2012 was a tough year for steel workers as weakening industrial production in most regions impacted on global steel demand. Many employers have been using the downturn to focus on wages and workers flexibility. Our unions have been arguing that competition is not purely based on wages, but a range of other factors including investment, infrastructure, new technology and skill development.
Steel employs more than 2 million workers directly worldwide and an additional 2 million contractors and is one of the most heavily unionized industries in the world. Nobody is more passionate about the future of the industry than our steel unions, time and time again in 2012 we saw how hard our unions were prepared to fight to save jobs, communities and advance workers’ rights. In France our unions did not sit idle for one day in the battle at ArcelorMittal Florange, triggering a national debate on the future of the industry.
Our belief is that the steel industry is the backbone to a successful economy and stability in the industry has a knock on effect throughout the whole economy.
Rob Johnston Executive Director IndustriALL believes, “The prediction for 2012 proved to be fairly accurate and this year we believe the industry will also continue in a transitional period. Global steel demand will continue to grow but at a slower pace than the previous decade. However the long- term prospects for the industry remain good and we expect improvements from last year.”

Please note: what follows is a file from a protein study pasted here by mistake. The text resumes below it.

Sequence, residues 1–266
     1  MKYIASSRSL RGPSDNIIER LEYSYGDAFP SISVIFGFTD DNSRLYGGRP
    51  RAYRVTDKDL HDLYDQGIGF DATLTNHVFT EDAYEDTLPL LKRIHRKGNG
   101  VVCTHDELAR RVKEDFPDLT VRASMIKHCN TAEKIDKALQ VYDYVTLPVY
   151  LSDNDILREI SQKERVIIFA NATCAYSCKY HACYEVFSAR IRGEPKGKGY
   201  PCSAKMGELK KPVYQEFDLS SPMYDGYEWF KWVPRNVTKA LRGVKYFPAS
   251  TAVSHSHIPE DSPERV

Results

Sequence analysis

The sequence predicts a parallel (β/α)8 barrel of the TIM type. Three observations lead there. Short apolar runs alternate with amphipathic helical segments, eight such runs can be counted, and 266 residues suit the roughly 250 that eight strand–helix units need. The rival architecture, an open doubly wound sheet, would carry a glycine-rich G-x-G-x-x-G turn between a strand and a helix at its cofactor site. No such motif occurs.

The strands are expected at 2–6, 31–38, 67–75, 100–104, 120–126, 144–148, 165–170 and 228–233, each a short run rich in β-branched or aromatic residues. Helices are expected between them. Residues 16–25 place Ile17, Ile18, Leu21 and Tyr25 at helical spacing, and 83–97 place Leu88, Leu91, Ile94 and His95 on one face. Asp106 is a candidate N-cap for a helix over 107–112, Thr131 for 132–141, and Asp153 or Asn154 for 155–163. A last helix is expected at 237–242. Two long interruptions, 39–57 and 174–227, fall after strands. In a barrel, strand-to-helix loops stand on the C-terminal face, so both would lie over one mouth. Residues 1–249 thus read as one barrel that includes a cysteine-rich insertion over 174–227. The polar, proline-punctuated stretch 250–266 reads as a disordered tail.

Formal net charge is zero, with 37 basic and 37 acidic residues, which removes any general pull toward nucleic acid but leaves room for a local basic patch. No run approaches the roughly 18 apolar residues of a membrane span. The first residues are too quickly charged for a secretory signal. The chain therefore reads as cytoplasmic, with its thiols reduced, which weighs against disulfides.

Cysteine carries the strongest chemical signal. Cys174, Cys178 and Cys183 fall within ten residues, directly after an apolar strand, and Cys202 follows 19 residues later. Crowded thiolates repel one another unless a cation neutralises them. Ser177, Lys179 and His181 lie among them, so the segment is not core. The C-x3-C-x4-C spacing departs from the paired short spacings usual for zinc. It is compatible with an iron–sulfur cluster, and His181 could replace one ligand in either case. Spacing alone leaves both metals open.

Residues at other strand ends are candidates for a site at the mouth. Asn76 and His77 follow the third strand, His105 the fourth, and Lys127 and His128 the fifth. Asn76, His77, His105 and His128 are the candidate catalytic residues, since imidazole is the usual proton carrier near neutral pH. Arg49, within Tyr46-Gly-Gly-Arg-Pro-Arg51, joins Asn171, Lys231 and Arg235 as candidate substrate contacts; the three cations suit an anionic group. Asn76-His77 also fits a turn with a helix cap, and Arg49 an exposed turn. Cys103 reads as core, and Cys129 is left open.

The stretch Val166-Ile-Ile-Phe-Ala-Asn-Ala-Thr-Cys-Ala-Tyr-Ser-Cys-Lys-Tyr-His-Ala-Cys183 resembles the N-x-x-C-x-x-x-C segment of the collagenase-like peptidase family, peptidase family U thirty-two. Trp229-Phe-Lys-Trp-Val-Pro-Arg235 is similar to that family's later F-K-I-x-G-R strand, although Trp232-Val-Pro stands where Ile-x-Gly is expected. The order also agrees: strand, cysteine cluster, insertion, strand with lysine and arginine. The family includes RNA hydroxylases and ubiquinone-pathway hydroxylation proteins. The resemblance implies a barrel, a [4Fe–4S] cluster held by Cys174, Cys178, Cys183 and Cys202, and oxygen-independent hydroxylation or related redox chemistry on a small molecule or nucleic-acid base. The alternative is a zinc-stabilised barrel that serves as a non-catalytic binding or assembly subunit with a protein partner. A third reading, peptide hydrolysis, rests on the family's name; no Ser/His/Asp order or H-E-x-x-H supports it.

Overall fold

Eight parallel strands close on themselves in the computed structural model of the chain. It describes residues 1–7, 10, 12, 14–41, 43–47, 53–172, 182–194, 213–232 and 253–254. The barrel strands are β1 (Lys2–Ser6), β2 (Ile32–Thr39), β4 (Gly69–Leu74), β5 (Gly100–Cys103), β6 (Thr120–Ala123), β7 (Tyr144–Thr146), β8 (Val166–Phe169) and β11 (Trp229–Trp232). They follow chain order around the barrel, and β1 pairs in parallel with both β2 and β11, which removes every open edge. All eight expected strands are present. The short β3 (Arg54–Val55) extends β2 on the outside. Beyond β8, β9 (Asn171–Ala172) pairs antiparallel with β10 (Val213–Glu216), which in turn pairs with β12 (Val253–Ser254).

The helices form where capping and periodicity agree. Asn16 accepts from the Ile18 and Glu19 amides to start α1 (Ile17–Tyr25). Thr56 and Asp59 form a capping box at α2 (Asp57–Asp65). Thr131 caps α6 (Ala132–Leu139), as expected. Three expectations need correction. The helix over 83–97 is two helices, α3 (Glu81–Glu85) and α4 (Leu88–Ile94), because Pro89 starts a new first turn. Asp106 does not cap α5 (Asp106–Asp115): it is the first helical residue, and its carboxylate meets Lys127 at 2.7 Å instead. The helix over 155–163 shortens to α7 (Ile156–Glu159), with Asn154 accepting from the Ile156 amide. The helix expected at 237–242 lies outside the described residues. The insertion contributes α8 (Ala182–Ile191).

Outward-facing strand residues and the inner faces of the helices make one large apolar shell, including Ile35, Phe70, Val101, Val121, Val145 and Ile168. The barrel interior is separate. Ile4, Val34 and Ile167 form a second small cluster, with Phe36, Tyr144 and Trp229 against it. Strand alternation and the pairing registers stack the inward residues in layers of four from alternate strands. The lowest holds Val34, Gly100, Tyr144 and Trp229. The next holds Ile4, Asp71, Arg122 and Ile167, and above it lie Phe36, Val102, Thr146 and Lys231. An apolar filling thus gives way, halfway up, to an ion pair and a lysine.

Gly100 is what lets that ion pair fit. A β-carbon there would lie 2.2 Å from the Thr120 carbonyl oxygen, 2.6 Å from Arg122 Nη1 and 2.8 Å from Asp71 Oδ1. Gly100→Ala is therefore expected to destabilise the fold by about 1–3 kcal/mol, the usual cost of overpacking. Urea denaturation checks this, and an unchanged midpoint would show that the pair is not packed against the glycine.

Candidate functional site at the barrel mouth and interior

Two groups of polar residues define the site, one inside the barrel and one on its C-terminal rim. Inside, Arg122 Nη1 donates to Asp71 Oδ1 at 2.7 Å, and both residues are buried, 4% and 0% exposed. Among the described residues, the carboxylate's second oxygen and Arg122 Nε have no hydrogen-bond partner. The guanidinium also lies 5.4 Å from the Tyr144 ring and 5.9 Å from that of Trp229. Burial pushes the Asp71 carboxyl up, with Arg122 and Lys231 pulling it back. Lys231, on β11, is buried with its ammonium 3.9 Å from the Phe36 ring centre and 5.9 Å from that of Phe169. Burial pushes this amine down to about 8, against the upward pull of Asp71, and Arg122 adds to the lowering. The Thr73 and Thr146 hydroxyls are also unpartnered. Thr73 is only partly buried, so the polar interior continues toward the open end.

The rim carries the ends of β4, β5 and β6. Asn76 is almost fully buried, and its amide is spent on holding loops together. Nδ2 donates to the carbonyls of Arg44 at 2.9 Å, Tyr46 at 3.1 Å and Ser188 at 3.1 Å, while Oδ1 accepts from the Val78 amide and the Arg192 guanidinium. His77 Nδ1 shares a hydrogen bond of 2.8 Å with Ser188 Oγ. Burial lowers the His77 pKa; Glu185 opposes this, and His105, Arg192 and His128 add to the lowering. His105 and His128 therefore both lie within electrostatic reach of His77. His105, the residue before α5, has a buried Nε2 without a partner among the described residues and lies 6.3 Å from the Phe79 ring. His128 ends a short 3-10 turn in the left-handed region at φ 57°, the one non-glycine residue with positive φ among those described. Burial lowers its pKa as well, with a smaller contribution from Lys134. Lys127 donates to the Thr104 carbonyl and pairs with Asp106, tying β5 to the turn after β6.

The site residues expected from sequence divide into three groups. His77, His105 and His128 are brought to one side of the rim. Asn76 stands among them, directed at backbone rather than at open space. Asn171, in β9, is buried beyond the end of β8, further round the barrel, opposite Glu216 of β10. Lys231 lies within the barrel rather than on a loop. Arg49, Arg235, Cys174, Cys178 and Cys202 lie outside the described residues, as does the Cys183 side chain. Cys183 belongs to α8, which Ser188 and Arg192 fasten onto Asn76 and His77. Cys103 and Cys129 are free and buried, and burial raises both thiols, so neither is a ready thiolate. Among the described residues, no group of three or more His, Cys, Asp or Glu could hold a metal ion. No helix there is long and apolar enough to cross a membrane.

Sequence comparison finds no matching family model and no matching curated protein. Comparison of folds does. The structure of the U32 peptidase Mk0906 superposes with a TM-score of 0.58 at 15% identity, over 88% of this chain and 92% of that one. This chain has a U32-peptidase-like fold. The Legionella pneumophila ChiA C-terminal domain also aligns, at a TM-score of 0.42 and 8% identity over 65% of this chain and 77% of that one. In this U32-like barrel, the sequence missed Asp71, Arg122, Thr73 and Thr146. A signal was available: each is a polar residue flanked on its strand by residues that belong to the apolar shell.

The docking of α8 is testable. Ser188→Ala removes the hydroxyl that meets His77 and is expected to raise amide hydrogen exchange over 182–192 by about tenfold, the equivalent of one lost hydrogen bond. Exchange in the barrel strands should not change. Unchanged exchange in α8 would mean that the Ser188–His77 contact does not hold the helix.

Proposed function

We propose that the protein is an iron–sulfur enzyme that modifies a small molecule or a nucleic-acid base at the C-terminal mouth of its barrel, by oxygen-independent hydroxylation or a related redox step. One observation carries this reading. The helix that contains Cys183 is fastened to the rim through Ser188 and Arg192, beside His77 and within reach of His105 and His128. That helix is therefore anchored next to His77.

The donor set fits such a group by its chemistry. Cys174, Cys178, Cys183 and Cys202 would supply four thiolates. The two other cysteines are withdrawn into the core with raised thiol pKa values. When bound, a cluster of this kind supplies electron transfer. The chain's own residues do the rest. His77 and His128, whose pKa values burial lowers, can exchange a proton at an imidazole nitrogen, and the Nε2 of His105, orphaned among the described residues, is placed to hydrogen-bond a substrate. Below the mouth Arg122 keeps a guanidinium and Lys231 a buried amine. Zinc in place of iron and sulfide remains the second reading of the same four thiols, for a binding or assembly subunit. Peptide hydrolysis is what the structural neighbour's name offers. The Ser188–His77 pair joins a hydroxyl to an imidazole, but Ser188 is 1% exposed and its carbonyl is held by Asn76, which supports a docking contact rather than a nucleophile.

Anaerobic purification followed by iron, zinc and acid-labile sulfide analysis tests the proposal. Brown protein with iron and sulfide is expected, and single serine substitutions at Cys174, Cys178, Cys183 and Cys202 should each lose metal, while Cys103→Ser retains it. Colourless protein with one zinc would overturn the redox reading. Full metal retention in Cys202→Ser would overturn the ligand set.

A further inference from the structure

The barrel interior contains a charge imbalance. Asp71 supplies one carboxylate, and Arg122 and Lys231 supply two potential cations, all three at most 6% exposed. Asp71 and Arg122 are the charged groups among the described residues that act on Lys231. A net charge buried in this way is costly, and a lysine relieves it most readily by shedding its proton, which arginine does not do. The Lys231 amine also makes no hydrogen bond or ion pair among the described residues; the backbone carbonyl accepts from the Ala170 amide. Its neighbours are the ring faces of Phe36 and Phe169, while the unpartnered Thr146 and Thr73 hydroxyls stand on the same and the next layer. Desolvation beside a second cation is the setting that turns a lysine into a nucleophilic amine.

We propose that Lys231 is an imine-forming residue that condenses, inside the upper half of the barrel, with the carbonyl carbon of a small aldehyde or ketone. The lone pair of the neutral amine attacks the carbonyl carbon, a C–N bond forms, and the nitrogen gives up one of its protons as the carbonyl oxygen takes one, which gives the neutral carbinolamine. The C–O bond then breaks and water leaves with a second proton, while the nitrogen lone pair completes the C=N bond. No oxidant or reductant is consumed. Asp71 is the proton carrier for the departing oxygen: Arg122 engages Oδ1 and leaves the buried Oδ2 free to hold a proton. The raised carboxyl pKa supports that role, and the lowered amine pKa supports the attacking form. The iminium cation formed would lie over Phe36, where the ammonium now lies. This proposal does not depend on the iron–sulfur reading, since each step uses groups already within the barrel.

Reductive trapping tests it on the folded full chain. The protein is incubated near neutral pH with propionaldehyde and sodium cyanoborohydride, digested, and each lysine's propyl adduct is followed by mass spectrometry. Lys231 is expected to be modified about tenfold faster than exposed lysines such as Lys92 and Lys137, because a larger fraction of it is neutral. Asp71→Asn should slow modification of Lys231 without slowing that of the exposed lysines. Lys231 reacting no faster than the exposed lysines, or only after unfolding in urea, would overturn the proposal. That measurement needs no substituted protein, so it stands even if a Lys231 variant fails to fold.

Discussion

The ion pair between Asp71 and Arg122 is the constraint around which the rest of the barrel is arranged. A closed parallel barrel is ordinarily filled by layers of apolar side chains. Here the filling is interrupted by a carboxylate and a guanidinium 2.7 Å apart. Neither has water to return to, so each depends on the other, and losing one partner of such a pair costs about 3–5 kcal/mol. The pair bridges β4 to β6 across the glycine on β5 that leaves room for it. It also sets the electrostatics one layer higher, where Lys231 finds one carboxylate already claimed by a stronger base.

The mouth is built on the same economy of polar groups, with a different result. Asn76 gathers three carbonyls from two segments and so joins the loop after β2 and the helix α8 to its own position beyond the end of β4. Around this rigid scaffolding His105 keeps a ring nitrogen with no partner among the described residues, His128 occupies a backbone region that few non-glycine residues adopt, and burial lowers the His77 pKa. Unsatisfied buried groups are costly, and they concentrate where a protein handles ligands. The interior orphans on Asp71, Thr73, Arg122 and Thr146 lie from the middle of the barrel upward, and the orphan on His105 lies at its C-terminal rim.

According to the latest Organization for Economic Cooperation and Development (OECD) Economic Outlook, the global economy is weakening again driven by a significant drop in confidence. High and, in some countries, rising unemployment is further reducing confidence and spending. While a recession is ongoing in the euro area, the US economy is growing but at a slow pace below what was expected in 2012. A slowdown is also taking place in many emerging market economies, partly reflecting the impact of the recession in Europe. After expanding by 3.7% in 2011, global GDP growth is forecast to decline to 2.9% in 2012, with a moderate gain in momentum to 3.4% in 2013.
A continued decline in the steel export market and excess capacity have once again seen the issue of steel trade policies come to the fore. A number of new antidumping and countervailing duty cases have brought the focus back onto trade remedy measures. Respect for workers’ rights is not only a social issue but an economic one as well that should be included as a measure of a level playing field. If workers do not enjoy the basic right to freedom of association, or to engage in collective bargaining, the “free” labour market will be severely distorted. This distortion results in unsafe work conditions and suppressed wages, among other things.
At a global steel meeting later this year IndustriALL will develop a common platform amongst unions to tackle these issues. The outcome of the meeting will be an action plan for steel unions until 2016.